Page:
The charging algorithm seems to follow a constant voltage and diminishing current monitoring electronics that shuts off the charging cycle when the current drawn by the battery reaches a minimum. See the chart below from the Electronics Design article:



    [​IMG]

    That's the best I could do. If I had to interpret Nokia's manual warning about not leaving the charger in, it would be this: Probably the phones charger electronics terminates the charging cycle completely, and the small non pulsing 3mA draw we measured is not going to the battery. The charging algorithm is on 'standy' and not consuming much power.

    So this is ok. However, if you leave the charger in (or constantly discount and reconnect during the day), and the phone on, normal power drain with the phone in standy, at some point will cause the charger cylce to start again, and this will pump a lot of current into an otherwise fully charged battery. That's not good. I've noticed this when I would charge my phone overnight: The phones display and 'beep' would wake me up several times during the night, saying that it's 'fully charged'. So perhaps this is part of Nokia's warning.

    just my guess.

    vf
     
  25. charlyee

    charlyee Ultimate Insanity
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    viewfly, very interesting and detailed findings & report, thank you. I did some experimenting on my own also. I managed to locate a 1amp meter and find a power cord that I could take apart. This was on my Motorola i325 IS and the rated output on the charger is 5VDC, 850mA.

    I measured 500mA at 5V while charging and
    ................241 mA at 5V at charge complete.

    As you can see the results are way different than yours, but I am not done yet, I plan on hooking up a test fixture and doing some more testingh hopefully over the weekend.....:)
     
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  26. viewfly

    viewfly Mobile RF Advisor
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    Wow, 241 mA at 'charge complete'! That's a lot of 'trickle' current for a 1450mAh battery.
     
  27. charlyee

    charlyee Ultimate Insanity
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    Really weird result, isn't it?

    The battery is rated at 3.6V, 1250mAh Lithium Ion. I am going to throw some diodes in the circuit to ensure that I am not reading any current flow out of the charged battery. In my case the 500mA was steady until it started to taper off, not the pulsing that you saw.
     
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  28. Jay2TheRescue

    Jay2TheRescue Resident Spamslayer
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    Speaking of batteries, The 22 year old gel-cell batteries in my recently acquired HERO jr will not take a charge (no suprise there). I was shocked as to how much they costed. I was going to go into my local Grainger showroom and buy replacements until I found out the batteries would cost me about $100. I just ordered new batteries from a surplus company I've done business with before for about $9 each, so I'll be up & running for under $40 once they arrive.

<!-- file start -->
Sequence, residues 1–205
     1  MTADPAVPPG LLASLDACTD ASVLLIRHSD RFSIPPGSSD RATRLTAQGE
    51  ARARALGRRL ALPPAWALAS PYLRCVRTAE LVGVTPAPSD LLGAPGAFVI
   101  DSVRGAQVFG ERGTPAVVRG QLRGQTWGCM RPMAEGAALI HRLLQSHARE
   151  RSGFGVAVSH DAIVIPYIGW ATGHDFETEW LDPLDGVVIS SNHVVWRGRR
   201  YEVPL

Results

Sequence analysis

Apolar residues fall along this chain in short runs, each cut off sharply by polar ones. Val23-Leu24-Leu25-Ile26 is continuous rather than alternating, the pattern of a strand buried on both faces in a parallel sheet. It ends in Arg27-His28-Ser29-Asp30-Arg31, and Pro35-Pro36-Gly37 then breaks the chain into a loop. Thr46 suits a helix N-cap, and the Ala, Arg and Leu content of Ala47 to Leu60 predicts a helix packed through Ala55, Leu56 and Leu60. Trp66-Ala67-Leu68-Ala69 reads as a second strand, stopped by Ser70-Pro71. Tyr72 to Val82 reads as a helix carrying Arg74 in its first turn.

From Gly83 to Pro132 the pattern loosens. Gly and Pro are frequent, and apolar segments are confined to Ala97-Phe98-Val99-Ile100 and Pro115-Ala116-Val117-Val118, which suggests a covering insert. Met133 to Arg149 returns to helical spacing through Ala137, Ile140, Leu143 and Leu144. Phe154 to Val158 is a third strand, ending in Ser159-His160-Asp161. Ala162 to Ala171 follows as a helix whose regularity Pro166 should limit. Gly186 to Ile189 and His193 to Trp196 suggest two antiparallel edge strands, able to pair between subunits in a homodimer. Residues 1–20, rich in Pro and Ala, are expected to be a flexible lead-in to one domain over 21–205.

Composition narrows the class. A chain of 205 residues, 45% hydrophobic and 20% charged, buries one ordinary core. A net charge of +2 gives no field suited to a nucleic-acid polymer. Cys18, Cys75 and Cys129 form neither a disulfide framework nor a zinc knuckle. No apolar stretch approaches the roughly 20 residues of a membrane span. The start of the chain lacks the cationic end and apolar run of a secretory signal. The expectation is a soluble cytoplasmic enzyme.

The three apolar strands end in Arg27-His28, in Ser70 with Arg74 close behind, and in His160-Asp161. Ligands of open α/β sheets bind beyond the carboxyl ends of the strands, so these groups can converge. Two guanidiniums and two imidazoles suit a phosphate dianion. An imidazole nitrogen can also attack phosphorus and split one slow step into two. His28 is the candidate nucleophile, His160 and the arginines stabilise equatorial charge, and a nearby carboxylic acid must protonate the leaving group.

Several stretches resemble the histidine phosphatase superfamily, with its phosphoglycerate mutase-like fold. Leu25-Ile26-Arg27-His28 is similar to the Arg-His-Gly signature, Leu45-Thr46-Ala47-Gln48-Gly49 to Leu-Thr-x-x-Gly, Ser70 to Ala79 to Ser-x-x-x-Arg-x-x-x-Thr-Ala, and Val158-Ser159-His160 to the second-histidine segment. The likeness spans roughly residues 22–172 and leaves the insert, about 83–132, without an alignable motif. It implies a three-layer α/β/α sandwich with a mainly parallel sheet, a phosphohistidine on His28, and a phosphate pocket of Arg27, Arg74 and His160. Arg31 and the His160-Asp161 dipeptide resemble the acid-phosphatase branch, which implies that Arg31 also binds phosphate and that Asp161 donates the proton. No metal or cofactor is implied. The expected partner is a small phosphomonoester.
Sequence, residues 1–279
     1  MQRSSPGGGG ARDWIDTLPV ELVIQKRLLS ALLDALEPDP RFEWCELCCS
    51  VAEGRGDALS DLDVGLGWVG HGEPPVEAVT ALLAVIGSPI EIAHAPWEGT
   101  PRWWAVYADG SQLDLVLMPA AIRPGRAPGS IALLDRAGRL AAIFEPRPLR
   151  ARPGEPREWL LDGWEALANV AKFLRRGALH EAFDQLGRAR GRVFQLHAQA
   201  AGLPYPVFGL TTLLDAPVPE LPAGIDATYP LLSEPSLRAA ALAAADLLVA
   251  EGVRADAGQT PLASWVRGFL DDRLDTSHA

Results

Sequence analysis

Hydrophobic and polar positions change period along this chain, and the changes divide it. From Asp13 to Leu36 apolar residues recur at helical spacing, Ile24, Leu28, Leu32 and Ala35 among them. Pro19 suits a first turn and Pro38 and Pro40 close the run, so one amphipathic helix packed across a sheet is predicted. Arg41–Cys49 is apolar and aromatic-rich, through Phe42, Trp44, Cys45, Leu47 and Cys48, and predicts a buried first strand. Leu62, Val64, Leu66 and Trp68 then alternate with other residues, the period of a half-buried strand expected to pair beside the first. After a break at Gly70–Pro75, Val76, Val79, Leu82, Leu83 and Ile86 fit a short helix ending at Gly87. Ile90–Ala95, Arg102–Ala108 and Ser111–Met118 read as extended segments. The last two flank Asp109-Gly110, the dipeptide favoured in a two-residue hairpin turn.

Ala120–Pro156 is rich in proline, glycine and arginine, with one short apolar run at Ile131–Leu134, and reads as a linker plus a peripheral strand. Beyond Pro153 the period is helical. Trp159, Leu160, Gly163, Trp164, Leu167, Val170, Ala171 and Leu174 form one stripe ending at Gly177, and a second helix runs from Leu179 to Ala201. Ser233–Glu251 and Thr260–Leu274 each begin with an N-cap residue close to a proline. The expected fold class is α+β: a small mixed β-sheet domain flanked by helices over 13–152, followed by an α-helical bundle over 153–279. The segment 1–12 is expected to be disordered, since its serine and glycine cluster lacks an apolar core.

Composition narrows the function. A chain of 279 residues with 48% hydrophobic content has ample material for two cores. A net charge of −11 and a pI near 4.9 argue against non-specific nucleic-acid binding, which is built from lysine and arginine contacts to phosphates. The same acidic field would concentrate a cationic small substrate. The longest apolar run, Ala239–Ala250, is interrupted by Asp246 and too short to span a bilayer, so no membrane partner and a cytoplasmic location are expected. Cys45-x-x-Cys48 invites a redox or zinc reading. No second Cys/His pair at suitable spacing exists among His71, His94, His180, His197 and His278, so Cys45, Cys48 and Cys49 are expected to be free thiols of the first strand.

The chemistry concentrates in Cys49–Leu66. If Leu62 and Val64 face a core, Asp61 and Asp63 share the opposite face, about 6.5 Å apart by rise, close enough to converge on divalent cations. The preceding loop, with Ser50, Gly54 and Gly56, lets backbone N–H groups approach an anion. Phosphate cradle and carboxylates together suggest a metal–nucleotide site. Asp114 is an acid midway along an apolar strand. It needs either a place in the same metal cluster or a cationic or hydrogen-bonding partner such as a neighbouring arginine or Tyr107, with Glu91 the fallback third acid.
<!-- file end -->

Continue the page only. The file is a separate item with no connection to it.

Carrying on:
-Jay
     
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  29. viewfly

    viewfly Mobile RF Advisor
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    A little googling around, and I learned that charging circuits for li-ion batteries are very complicated, beyond what I can fully understand.

    But pulse charging is one of the designs for various reasons. One being that it prevents the battery from overheating during the charge cycle.

    vf
     
  30. viewfly

    viewfly Mobile RF Advisor
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    For those interested, the abstract from an article on improvements in battery charging designs.

    By Jinrong Qian, Senior Member of Technical Staff, Texas Instruments
    Driven by integrated functionality and shrinking form-factors, the demand for portable devices such as cellular phones, PDAs and portable DVD players has grown significantly during the last few years. The power source has quickly become a bottleneck for advancing technology, and improvement of battery-power density cannot keep-up with demand. The lithium-ion (Li-Ion) battery is widely-adopted because of its high energy density on both a gravimetric and volumetric basis. To achieve longer system run-time and smaller size, more and more system designers are finding that improving a system’s power conversion efficiency with advanced circuit topologies is no longer sufficient. Battery charging has become another area to focus on for maximizing battery capacity and extending its service cycle-life. The linear charger is suitable for the low-capacity battery charge applications with its reasonable cost and small-size advantages. With the increasing power demand from portable devices, the linear battery charger no longer adequately meets charge requirements due to its high-power dissipation. This paper presents a MHz synchronous switching battery charger and design considerations to efficiently charge the battery and extend its cycle-life.

    From:http://www.powermanagementdesignlin...JVN?printableArticle=true&articleId=167100999
     
    #30 viewfly, Dec 12, 2006
    Last edited: Dec 12, 2006